The United Nations mission in Namibia (South West Africa) on Tuesday ( 8 August) started a series of talks with political parties.
The United Nations mission in Namibia (South West Africa) on Tuesday ( 8 August) started a series of talks with political parties. The leader of the mission, a former Finnish diplomat Mr. Martti Ahtisaari, is preparing a report on independence proposals for Namibia drawn up by five western nations. Mr. Ahtisaari met first with members of the internal wing of the nationalist South West Africa people's Organisation -- SWAPO. He followed this meeting by holding similar discussion with Namibia's liberal Namibian National Front and the conservative Democratic Turnhalle Alliance.
SYNOPSIS: Hundreds of cheering SWAPO supporters had gathered outside the Motel in Windhoek where members of the United Nations mission were staying.
Mr. Daniel Tjongarero, Vice President and organiser of SWAPO'S internal wing greeted the crowd before he and his delegation met Mr. Ahtisaari and members of the U.N. mission.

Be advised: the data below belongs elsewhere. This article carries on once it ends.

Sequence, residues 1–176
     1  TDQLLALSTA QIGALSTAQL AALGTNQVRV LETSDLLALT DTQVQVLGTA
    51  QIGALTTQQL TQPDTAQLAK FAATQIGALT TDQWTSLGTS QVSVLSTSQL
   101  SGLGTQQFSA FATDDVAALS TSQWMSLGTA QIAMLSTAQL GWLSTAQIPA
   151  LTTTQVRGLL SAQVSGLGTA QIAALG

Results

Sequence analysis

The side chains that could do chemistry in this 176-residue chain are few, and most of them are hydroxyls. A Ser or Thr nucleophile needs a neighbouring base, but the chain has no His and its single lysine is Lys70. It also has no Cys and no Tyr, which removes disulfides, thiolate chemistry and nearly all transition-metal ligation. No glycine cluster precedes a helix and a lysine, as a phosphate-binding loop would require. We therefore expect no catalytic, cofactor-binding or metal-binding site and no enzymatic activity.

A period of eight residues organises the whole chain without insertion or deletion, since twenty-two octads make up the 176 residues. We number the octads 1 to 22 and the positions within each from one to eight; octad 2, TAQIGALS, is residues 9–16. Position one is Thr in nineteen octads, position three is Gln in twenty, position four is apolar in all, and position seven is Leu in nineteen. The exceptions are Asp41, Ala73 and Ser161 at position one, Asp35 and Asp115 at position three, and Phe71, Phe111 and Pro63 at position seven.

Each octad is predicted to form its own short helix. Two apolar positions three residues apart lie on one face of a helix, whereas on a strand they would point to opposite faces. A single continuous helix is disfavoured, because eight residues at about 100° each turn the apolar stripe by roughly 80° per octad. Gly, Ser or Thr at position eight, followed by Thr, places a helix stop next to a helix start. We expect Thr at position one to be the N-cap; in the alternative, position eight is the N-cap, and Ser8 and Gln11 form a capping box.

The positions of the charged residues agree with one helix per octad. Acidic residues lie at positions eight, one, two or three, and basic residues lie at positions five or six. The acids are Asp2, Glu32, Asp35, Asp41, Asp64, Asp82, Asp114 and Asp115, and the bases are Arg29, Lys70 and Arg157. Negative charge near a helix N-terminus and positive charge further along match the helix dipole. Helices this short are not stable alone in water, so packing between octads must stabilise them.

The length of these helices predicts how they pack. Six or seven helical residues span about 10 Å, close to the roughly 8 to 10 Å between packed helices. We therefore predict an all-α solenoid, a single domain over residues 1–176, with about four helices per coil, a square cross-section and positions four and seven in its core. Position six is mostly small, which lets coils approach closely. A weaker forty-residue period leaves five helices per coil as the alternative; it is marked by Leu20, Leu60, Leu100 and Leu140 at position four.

The meeting was mainly to allow the U.N. team the chance to learn more about SWAPO. They also discussed the question of alleged irregularities in the compiling of electoral roles for the planned pre-independence elections. After the meeting SWAPO publicity secretary Mokganedi Thlabanello explained:
Mr. Ahtisaari's third meeting was with members of the liberal Namibian National Front including Advocate Hans Berker -- second from right -- and Secretary General Brian O'Lynn -- second from left. Afterwards NNF President Justice Garoeb and Advocate Berker spoke with newsmen about Mr. Ahtisaari's mission.
Mr. Ahtisaari's third meeting of the day was with officials of the conservative Democratic Turnhalle Alliance, SWAPO'S main political rivals in Namibia. One of the Mr. Ahtisaari's main tasks during the meetings was to convince both the D.T.A. and the N.N.F. of United Nations' impartiality. Both parties have expressed fears that the U.N. might be more sympathetic to SWAPO because it has already recognised the nationalist movement as the sole representative of the Namibian people.